"Winter Harbor" - the painting
I loved doing this painting -
I worked from a picture my brother sent to me from his phone while he was looking out over this harbor one early summer morning. The area is familiar to me which always helps in representing something where you know the terrain and the feeling of it.
I wanted to paint this because I loved the contrasting and ombre effects of the blues going from the dark of the ocean to the lighter grays of the fog; the contrast of the water and the fog moving, yet a feeling of stillness and peace. It was intriguing that hundreds of thoughts could be evoked from a singular picture.
I never tire of looking at this scene - another criteria met.
The problem was how to get all that on canvas.
Like anything else in life, I approached the task one step at a time. For the artist, creating an underpainting is like creating a solid foundation for anything you are building. For the underpainting, I started on canvas with black gesso mixed with blue paint, merging with white gesso for a grayish center and then finishing with a soft white at the top of the canvas. I blocked in the horizon and the boats with paint and noted the source of the light.
I worked with a limited palette of oils in blues, white, and Payne's gray. To create the sea and the fog in this work, I used a wet on wet (all prima) style of painting that allows the colors to merge and be moved around to create the many shades of water and a feeling of movement. This layered style of painting works well for me when I paint water. In this instance, it also made the transitioning of water/fog/sky easier to create. If you are new to painting, you might want to play with this technique as it has endless possibilities.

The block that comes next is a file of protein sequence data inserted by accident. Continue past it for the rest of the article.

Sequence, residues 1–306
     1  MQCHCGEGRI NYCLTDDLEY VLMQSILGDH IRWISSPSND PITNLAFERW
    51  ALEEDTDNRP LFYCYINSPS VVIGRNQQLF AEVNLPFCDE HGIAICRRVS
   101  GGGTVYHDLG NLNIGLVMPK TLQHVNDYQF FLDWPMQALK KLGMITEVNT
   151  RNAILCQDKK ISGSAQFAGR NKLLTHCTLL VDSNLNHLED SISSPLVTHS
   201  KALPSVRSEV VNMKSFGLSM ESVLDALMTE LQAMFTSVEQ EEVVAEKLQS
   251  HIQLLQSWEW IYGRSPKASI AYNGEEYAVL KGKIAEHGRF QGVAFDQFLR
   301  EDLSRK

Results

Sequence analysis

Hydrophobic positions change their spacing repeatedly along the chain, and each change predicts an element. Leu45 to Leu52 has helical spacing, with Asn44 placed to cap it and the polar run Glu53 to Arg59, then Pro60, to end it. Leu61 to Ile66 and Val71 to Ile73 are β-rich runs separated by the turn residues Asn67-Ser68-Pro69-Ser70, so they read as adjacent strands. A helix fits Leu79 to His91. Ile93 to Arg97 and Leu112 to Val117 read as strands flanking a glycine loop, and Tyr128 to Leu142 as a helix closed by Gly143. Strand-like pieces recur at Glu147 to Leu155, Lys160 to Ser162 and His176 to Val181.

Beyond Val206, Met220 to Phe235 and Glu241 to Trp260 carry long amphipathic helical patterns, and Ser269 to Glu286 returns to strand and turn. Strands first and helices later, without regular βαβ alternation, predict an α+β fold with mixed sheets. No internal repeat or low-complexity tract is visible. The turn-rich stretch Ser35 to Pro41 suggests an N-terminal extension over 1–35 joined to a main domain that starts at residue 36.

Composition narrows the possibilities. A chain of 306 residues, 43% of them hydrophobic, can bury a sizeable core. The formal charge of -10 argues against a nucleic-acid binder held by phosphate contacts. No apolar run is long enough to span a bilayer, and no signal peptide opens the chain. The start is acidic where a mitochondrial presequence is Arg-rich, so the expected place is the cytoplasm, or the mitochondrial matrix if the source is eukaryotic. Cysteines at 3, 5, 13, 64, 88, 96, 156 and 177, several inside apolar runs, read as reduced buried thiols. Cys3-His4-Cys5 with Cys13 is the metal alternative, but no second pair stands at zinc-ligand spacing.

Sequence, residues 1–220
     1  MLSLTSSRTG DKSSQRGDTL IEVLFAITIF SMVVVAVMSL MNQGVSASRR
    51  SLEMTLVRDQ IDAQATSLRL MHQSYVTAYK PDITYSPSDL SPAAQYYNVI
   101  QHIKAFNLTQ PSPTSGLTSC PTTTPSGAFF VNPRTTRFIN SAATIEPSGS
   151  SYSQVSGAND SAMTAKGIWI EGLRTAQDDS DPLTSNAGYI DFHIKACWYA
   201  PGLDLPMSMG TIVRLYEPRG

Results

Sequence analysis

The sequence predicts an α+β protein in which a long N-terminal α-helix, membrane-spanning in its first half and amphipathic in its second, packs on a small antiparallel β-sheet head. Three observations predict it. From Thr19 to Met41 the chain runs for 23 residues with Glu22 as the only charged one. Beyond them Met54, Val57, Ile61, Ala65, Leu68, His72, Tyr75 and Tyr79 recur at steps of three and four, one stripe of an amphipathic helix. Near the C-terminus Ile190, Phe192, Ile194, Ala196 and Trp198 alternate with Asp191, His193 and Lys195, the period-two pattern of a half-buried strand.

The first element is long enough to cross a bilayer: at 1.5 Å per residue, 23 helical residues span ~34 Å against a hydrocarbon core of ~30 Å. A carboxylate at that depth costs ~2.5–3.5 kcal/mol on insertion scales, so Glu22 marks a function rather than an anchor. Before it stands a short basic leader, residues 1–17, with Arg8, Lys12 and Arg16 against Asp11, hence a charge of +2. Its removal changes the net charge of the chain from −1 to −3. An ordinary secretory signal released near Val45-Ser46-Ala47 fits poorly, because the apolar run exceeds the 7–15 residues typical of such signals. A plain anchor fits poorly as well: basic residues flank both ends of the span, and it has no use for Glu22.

The surprise in the painting was when I painted the first boat in the water - in the photo, there were several boats in the area. For some reason, the singular boat seemed right. The solitary boat in a sea and it's universe prompted more thought than just a pretty picture of boats hanging out in a harbor. I finished the one boat and noted that the painting made me think of the old Breton prayer, "O, God, thy sea is so great and my boat is so small."
I always liked that verse and keep it on hand, so I Googled it out of curiosity. It was part of a poem written by Garrison as a fisherman's prayer. I also learned it was loved by Admiral Rickover who gave this saying on a plaque to graduating submarine captains and to JFK, who keep it on his desk when he was President. It's now in the JFK Library in Boston. You learn something every day!
I also learned that the pretty picture of boats hanging out in a harbor is a painting for another day. :)